Git uses locking and atomic renames to avoid data corruption issues within the
.git directory. So it is, for example, possible to have a
git gc going on while performing other operations, and no data will be lost, nor will the repository appear corrupt or missing objects at any point. It is still possible that certain concurrent operations (e.g., updating the index) may abort due to contention over a lock, though.
However, having said that, the working tree isn't guaranteed to be free of races. For example, there's no atomic way to replace a file with a directory, and
git checkout doesn't attempt to be atomic as a consequence. Similarly, applying a patch during a checkout will probably result in data loss or unexpected failure.
If you need to have multiple programs working with the same repository, consider using a bare repository and something like libgit2 or one of its language-specific wrappers. That will make it much easier for you to create multiple branches and commits without needing to contend over a working tree.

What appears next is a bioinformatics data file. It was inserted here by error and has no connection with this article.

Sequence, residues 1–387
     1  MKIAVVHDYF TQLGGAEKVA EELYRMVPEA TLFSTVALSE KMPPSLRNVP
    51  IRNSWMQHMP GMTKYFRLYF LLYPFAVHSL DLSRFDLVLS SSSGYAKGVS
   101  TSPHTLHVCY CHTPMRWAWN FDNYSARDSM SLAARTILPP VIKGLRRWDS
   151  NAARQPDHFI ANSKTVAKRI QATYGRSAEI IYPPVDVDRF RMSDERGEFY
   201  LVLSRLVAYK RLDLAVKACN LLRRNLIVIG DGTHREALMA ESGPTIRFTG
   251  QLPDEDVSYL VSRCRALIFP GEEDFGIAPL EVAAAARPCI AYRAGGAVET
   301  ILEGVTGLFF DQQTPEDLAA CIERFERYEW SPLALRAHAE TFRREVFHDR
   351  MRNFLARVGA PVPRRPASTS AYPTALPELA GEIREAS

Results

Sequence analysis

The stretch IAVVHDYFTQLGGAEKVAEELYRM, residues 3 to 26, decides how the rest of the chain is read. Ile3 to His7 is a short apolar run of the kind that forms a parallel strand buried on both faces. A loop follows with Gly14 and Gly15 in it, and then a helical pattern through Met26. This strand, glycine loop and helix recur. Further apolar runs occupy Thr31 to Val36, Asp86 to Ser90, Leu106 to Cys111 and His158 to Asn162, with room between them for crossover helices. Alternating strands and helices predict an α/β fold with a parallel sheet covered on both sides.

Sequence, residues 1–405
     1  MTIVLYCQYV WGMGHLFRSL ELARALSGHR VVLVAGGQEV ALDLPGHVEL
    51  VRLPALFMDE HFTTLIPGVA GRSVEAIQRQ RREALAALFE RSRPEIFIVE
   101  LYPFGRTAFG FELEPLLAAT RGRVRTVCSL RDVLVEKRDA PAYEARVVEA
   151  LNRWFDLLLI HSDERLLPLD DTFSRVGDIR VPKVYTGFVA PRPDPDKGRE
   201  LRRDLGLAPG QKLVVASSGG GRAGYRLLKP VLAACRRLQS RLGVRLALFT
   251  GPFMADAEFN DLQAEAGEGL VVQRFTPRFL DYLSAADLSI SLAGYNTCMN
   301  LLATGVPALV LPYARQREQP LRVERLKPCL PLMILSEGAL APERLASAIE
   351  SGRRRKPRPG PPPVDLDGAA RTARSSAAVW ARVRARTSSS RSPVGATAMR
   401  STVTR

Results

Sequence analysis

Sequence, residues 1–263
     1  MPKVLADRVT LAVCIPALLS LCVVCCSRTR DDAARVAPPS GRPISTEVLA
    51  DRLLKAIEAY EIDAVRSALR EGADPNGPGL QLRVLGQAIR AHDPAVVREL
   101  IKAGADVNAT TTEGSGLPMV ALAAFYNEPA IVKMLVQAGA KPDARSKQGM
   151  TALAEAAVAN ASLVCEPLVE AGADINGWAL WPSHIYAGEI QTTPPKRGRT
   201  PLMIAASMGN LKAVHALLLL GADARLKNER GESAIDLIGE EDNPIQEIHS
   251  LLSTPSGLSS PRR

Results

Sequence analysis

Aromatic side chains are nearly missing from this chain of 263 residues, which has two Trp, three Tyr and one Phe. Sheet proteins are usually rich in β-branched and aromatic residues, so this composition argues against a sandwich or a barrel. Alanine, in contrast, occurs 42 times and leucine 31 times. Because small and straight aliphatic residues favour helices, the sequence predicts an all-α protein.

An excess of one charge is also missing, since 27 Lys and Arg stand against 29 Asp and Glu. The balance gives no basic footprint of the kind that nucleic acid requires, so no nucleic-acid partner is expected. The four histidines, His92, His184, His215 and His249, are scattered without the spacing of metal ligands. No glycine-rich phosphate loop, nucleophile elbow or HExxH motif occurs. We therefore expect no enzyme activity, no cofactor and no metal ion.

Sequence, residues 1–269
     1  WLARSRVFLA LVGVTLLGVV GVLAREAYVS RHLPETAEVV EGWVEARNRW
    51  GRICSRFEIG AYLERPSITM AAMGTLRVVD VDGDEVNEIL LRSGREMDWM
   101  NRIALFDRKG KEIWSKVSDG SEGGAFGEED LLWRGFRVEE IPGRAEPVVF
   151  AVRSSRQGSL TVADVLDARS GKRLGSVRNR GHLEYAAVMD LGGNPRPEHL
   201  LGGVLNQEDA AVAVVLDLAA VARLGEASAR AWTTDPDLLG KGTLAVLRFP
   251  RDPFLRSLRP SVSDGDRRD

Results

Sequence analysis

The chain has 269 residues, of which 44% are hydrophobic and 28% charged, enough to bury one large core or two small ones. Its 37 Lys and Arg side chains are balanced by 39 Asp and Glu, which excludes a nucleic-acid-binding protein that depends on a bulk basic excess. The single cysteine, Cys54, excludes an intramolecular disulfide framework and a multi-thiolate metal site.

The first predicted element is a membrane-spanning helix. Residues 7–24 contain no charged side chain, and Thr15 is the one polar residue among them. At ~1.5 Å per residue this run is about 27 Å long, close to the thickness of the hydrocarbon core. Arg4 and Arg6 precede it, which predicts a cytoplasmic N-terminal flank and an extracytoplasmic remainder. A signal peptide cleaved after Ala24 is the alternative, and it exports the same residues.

If you need multiple human users to work with a repository, you should use multiple copies of the repository. Users will not enjoy sharing a working tree and you'll run into practical issues if two people are using one at once. In addition, Git's security model doesn't allow for a malicious user to share a repository other than over the transfer protocol; for example, hooks that are called automatically can execute arbitrary code. Even non-malicious users may want to have custom hooks or other configuration (e.g.,
.git/info/exclude) that makes sharing a repository undesirable.